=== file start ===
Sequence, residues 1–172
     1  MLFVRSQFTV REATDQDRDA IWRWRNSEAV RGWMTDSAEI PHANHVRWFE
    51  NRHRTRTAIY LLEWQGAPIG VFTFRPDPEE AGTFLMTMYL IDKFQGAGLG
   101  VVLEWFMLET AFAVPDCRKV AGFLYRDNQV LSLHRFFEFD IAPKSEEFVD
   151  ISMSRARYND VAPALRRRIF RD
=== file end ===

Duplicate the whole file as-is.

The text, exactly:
Sequence, residues 1–172
     1  MLFVRSQFTV REATDQDRDA IWRWRNSEAV RGWMTDSAEI PHANHVRWFE
    51  NRHRTRTAIY LLEWQGAPIG VFTFRPDPEE AGTFLMTMYL IDKFQGAGLG
   101  VVLEWFMLET AFAVPDCRKV AGFLYRDNQV LSLHRFFEFD IAPKSEEFVD
   151  ISMSRARYND VAPALRRRIF RD